Domestic Fleet Sales Hit the Skids

Robert Farago
by Robert Farago

Back in roaring 20s (or thereabouts), TTAC highlighted American automakers’ tendency to use fleet sales to keep expensive factories running. The practice eroded vehicle quality (why bother making better fleet fodder?), eroded margins (a little profit on a lot is better than nothing!) and corroded brand equity (badge it up and send it out!). As The Big Three became The Big 2.8, as GM headed for bankruptcy, we gave the automakers grief for claiming they were abandoning fleet sales to address these issues when, in fact, the fleets were abandoning them. Point of clarification: the “look at us we’re so responsible” BS was a bad thing, even though fleet reductions are a good thing—provided the automakers switch to retail-competitive products, meaningful brands and, thus, larger margins. Which hasn’t happened. And the domestics’ fleet sales continue to disappear. In other words, whichever way you look at the fact that Detroit’s share of fleet sales has slipped from 80 percent to 48.4 percent, they lose.

The stats come from the Chicago Tribune. “Agencies increasingly want cars their customers prefer rather than the cheapest vehicles available and, as important, ones that will hold value over time.” While the paper provides little in the way of compelling evidence that rental customers are turning up their noses at domestic products, it’s certainly true that rental car companies can’t get enough money from the sale of low mileage pre-loved Ford, Chrysler and GM products to make it worth their while to buy them in the first place.

Ford is, apparently, down with that.

“For some models, we’d find ourselves selling 50 percent to 60 percent of our production into rental,” George Pipas, chief sales analyst at Ford, said, citing the last generation of the Taurus in particular. “That’ll kill you.”

George should talk to Chrysler. Soon. (Last rites?) Meanwhile, GM is caught between a rock and a hard place. Again. Still. [Thanks to FloorIt for the link.]

Robert Farago
Robert Farago

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  • Andrew van der Stock Andrew van der Stock on Jul 25, 2009

    When I was living in the USA, I'd rent with Enterprise about once a week, giving me many one week review opportunities. I was stuck in a few different cars not of my choosing, but the worst were: * Aveo. HATE HATE HATE. * Dodge Nitro. Unroadworthy @ 3000 miles old. I've written about this one before. * Challenger V6. Hopeless blind spots. Smaller than I expected trunk. Pretty good hwy fuel economy. Blah everywhere else. * Nissan pretty much everything, with the exception of the Maxima. I liked the Maxima. The Altima was so-so particularly in CVT form, but the Versa sedan was bottom scraper, boomy, and terrible at taking even my small amount of luggage. Cars I loved and asked for again and again Ford Focus Hatch. Best driver car in a rental fleet bar none. Might have 10 year old fundamentals, but those fundamentals beat all the other cars I drove in the USA. Prius. Had to drive a lot of long distances occasionally, and during the days of $3.50 gas, this car made a lot of sense. Not a great interior (although I do like the instrument cluster), it's a very reasonable upgrade from a compact if you're Enterprise Plus. Just ask. Most of the time on a Sunday night, it's free or about $5. It has remote central locking, cruise, and climate control and a huge luggage compartment. It's also has a pretty good stereo and AUX port for the iPod. Mazda 6. Good all round car, if a little noisy at 70 mph. Sedan version had only moderate trunk space. I once managed to hire my own car, a VW Golf. I owned the 2.5 model with a sunroof and ESP whilst I lived in the USA. The rental was the bottom scraper 2.5. The driving experience was basically the same, but missing all the bits and pieces that make you want to OWN a car. Here in Australia, the fleet situation is interesting. A Holden CEO once said, it's better to be in the police car fleet business than in the taxi fleet business. I think a lot of folks could learn from that. thanks, Andrew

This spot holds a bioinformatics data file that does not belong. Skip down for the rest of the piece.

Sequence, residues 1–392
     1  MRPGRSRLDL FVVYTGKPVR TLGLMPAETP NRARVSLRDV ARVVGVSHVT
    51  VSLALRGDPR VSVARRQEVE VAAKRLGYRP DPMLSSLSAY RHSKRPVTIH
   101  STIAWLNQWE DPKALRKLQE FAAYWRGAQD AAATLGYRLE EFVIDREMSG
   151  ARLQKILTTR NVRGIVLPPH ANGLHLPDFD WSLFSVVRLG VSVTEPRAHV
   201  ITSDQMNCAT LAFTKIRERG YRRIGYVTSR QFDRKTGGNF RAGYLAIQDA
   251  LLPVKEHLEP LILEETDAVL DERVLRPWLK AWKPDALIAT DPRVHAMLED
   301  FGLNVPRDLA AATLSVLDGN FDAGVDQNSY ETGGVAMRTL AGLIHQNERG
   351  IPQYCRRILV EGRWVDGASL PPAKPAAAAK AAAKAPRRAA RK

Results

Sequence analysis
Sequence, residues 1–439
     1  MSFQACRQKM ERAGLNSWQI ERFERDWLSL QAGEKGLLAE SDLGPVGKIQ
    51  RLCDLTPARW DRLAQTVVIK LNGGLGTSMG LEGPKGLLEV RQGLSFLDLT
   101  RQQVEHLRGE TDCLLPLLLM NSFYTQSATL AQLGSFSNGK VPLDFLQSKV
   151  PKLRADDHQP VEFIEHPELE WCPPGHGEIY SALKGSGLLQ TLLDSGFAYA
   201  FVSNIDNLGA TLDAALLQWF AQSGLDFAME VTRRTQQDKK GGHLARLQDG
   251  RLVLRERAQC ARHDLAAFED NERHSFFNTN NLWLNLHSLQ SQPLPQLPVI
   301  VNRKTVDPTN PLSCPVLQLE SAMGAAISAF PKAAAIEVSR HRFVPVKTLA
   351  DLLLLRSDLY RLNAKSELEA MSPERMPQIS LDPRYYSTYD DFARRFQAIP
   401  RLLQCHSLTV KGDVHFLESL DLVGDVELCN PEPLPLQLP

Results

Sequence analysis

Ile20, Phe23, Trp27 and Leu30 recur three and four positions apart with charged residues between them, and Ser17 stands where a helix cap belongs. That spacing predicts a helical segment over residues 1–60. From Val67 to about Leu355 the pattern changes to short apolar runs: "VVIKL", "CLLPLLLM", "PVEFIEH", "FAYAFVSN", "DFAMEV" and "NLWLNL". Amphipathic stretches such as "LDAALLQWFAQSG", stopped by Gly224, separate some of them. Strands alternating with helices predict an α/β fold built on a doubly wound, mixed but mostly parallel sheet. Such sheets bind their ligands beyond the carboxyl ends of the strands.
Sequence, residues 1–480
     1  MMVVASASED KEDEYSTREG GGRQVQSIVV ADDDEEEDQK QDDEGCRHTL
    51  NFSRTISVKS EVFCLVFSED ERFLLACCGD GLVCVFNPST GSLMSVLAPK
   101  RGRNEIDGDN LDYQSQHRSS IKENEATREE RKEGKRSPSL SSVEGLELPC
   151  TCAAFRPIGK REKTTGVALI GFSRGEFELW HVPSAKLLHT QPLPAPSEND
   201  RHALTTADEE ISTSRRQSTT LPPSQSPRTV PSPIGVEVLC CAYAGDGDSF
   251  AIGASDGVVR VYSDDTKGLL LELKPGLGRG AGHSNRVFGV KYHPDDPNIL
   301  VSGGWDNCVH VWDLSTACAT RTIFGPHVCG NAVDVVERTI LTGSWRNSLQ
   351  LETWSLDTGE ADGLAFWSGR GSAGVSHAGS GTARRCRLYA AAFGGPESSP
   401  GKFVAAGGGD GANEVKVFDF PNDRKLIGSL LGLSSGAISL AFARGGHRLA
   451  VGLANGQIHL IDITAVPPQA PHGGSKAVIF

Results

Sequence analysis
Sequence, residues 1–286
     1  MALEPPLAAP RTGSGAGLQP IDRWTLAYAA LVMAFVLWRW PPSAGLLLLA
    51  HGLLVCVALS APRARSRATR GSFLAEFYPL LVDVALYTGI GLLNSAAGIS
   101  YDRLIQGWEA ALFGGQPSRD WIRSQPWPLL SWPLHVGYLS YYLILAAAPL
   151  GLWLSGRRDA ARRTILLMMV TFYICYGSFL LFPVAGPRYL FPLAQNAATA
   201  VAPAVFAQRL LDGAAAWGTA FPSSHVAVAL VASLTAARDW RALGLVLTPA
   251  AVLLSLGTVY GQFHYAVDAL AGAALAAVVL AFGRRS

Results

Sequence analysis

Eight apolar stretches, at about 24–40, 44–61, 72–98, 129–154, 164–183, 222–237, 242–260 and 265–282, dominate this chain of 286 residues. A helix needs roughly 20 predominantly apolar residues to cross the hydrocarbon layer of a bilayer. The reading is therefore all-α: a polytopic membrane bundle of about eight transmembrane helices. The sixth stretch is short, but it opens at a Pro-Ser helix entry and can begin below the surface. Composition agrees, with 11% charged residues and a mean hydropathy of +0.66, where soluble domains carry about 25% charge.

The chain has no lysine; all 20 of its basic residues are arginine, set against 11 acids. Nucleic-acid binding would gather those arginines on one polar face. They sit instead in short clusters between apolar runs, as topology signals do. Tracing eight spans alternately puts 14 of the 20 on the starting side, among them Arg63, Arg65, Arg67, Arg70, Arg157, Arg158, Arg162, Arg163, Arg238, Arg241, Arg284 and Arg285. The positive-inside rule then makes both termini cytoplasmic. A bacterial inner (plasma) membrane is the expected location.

• SpaniardinTexas SpaniardinTexas on Jul 26, 2009

    I am not sure what was the problem but I tried to rent a minivan this week end in Houston and they had NONE, outside the airport... I need it for Monday and I have to pay extra and go to the airport to pick it up... because they didn't have any in the city...

  • 28-Cars-Later WSJ blurb in Think or Swim:Workers at Volkswagen's Tennessee factory voted to join the United Auto Workers, marking a historic win for the 89- year-old union that is seeking to expand where it has struggled before, with foreign-owned factories in the South.The vote is a breakthrough for the UAW, whose membership has shrunk by about three-quarters since the 1970s, to less than 400,000 workers last year.UAW leaders have hitched their growth ambitions to organizing nonunion auto factories, many of which are in southern states where the Detroit-based labor group has failed several times and antiunion sentiment abounds."People are ready for change," said Kelcey Smith, 48, who has worked in the VW plant's paint shop for about a year, after leaving his job at an Amazon.com warehouse in town. "We look forward to making history and bringing change throughout the entire South."   ...Start the clock on a Chattanooga shutdown.
  • 1995 SC Didn't Chrysler actually offer something with a rearward facing seat and a desk with a typewriter back in the 60s?
  • The Oracle Happy Trails Tadge
  • Kwik_Shift_Pro4X Union fees and corruption. What can go wrong?
  • Lou_BC How about one of those 2 foot wide horizontal speedometers out of the late 60's Ford Galaxie?
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